801 F2d 738 United States v. $79000 in United States Currency

801 F.2d 738

5 Fed.R.Serv.3d 805

UNITED STATES of America, Plaintiff-Appellee,
$79,000 IN UNITED STATES CURRENCY, Deposited into Account #
28097-6 Continental National Bank, El Paso, Texas, Defendant,
Gabriel Yanez, Jaime Buendia and Francisco Arviso,
UNITED STATES of America, Plaintiff-Appellee,
$6,890,500.00 MEXICAN PESOS and $200.00 U.S. Dollars, Defendants,
Gabriel Yanez, Jaime Buendia, and Francisco Arviso,

No. 86-1391.

United States Court of Appeals,
Fifth Circuit.

Oct. 3, 1986.

Victor R. Arditti, El Paso, Tex., for claimants-appellants.

Helen M. Eversberg, U.S. Atty., Mark M. Greenberg, Asst. U.S. Atty., El Paso, Tex., for plaintiff-appellee.

Appeal from the United States District Court for the Western District of Texas.

Before GEE, JOLLY and HIGGINBOTHAM, Circuit Judges.


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The parties in interest are the claimants against the res in this forfeiture action. They were left holding rubber checks from Gomez-the-moneychanger when the government froze his El Paso bank account after he failed to report importing over $10,000 across the Juarez-El Paso border. The district court entered judgment ordering forfeiture of the monies on March 31, 1986. On April 22, the monies were rendered unto Caesar--i.e., U.S. Customs. On May 30, the claimants filed their Notice of Appeal, ordering transcripts on July 3. On August 18, the government filed its Motion to Dismiss for want of subject matter jurisdiction.


The general rule is that the court's power derives entirely from its control over the defendant res. Pennington v. Fourth National Bank, 243 U.S. 269, 37 S.Ct. 282, 61 L.Ed. 713 (1917). Where no supersedeas is filed or steps taken to supersede judgment and the Marshal surrenders custody, neither the district court nor the appellate court retains in rem jurisdiction. The Manuel Arnus, 141 F.2d 585 (5th Cir.1944); Point Landing, Inc. v. Alabama Dry Dock, 261 F.2d 861 (5th Cir.1958) (Brown, J.) (explaining early 5th Circuit decisions on this point). The Supreme Court, however, created an exception early on, allowing that courts do not lose jurisdiction if the res (vessel) is released accidentally, fraudulently, or improperly. The Rio Grande, 90 U.S. (23 Wall) 458, 23 L.Ed. 158 (1874) (the lower court had dismissed libellants' claims but granted leave to appeal; the court's subsequent surrender of the vessel to third parties was held "improper").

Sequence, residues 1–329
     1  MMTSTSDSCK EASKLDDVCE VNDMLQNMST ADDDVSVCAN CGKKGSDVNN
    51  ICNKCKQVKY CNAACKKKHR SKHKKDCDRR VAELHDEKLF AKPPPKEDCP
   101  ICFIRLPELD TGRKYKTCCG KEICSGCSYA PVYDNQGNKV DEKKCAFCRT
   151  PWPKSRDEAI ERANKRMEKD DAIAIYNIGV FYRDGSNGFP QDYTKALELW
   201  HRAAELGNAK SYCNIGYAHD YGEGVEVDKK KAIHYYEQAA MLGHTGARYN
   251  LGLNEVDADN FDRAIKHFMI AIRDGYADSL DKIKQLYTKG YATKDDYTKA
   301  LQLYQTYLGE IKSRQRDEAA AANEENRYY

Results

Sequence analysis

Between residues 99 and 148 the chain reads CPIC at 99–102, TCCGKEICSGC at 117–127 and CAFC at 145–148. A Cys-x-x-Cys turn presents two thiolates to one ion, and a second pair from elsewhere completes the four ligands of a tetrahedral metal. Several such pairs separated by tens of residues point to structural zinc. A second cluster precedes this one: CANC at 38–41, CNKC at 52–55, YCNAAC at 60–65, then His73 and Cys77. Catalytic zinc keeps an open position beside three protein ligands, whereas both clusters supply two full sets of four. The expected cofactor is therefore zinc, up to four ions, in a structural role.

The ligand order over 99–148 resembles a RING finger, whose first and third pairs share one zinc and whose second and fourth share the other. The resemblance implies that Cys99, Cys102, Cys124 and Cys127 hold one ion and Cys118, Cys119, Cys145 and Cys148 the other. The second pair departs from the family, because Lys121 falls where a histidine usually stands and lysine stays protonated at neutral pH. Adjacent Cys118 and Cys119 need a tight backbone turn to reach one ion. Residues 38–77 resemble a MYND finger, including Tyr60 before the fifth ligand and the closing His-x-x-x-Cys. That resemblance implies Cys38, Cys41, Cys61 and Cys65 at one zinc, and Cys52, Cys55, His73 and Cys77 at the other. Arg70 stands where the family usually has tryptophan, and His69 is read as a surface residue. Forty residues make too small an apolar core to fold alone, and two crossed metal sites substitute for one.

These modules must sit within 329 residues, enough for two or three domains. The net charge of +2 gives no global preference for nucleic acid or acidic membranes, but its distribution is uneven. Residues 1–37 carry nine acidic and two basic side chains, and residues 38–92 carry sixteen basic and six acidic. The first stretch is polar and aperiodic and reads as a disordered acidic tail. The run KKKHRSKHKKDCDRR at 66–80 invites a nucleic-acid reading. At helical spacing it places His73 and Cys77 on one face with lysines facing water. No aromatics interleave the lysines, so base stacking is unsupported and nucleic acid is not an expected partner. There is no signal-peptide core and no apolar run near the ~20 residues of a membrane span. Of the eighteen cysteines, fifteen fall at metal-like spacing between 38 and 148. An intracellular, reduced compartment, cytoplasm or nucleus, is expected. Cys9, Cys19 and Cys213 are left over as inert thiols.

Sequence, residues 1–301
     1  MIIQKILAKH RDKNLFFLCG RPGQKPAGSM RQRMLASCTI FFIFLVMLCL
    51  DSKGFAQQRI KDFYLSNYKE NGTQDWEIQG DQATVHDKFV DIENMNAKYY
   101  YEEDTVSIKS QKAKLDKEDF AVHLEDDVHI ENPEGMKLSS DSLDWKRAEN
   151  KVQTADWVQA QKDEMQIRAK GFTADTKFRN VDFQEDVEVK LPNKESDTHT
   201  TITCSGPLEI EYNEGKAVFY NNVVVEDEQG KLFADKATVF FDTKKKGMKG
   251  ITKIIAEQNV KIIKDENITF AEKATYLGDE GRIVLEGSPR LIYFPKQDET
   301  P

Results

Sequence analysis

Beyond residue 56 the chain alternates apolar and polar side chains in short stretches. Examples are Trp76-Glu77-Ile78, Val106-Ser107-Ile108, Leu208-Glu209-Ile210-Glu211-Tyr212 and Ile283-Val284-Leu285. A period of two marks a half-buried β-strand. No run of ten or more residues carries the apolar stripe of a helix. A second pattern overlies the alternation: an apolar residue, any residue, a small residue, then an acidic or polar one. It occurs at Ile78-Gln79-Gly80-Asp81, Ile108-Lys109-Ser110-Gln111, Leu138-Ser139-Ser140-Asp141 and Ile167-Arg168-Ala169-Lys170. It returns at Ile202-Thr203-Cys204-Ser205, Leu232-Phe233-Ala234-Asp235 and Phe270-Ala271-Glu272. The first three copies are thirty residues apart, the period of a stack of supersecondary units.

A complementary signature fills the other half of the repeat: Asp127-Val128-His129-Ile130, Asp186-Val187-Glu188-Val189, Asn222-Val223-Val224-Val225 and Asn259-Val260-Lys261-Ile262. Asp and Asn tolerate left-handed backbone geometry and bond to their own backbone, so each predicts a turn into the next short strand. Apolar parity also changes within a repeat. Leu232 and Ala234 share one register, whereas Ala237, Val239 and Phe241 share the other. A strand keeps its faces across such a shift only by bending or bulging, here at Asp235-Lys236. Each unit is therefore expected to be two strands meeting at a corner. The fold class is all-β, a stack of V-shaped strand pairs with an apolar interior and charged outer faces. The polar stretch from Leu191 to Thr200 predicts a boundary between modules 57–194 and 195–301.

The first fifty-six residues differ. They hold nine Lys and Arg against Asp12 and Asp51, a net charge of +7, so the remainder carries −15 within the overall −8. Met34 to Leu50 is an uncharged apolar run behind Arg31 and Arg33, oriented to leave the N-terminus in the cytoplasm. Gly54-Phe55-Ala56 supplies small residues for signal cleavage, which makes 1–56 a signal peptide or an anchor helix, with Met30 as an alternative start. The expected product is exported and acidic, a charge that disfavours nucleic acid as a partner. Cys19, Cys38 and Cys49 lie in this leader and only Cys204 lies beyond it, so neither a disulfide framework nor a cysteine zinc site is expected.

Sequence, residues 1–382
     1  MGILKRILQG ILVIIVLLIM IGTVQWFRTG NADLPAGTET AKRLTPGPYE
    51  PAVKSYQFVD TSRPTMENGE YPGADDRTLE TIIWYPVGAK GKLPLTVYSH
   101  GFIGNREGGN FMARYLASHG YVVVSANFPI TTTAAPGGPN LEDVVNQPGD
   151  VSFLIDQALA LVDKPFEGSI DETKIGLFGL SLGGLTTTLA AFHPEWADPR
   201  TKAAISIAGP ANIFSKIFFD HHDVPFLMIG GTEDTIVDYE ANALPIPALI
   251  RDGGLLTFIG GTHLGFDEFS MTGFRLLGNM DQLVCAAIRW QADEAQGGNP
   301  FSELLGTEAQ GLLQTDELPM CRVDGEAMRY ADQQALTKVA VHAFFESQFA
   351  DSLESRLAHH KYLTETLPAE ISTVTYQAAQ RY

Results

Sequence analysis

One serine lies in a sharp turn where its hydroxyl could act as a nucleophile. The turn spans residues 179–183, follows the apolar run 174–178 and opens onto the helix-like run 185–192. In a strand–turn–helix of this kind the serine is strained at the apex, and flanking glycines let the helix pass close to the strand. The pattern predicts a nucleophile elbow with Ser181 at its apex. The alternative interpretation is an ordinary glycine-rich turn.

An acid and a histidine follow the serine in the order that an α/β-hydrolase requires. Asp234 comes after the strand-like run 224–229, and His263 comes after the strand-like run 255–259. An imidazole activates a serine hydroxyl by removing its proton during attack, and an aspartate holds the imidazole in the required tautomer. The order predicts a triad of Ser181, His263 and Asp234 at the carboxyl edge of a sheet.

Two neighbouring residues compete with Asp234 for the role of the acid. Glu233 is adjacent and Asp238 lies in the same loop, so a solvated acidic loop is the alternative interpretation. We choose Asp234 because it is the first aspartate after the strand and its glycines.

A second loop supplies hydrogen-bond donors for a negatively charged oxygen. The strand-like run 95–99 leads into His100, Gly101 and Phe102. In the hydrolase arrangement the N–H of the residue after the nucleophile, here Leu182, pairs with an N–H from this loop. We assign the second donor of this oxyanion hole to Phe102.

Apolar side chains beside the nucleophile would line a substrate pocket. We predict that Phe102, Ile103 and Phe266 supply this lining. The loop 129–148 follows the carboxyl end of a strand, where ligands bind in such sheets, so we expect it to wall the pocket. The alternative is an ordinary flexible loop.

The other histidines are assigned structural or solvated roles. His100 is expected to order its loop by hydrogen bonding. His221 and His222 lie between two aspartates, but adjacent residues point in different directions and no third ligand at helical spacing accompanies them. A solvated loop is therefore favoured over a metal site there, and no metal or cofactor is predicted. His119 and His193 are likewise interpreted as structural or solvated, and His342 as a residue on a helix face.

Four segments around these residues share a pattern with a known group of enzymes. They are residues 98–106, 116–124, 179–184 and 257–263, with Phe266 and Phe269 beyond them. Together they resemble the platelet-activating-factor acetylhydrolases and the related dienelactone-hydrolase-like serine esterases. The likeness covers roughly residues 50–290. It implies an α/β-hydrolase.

The claimants argue they have a right of appeal, which they perfected by timely notice under Rule 4, FRAP. They assert that the government acted in bad faith by transferring the monies to U.S. Customs, first notifying claimants of this action some five months after judgment and 90 days after receiving notice of appeal. These arguments are not persuasive. Although Rule 62(d), FRCP, allows the filing of supersedeas "at or after the time of filing the notice of appeal," it does not follow that release of the res pursuant to court order is automatically stayed before time for notice of appeal elapses. To the contrary, Rule 62(a), FRCP, provides for a 10-day automatic stay after entry of judgment.


The monies were released to Customs after the 10 days elapsed. There is no requirement that the claimants receive notice of release of the res after judgment. The government merely acted in its own favor by quickly initiating action to surrender the monies; its actions do not rise to the level of fraud or impropriety contemplated by the Rio Grande exception. See United States v. One 1982 Oldsmobile, NO. 86-1355 (5th Cir., July 24, 1986) (unpublished order).


IT IS ORDERED that the motion of appellee to dismiss the appeal is GRANTED.


IT IS FURTHER ORDERED that the motion of appellants to return monies to the jurisdiction of the Court is DENIED.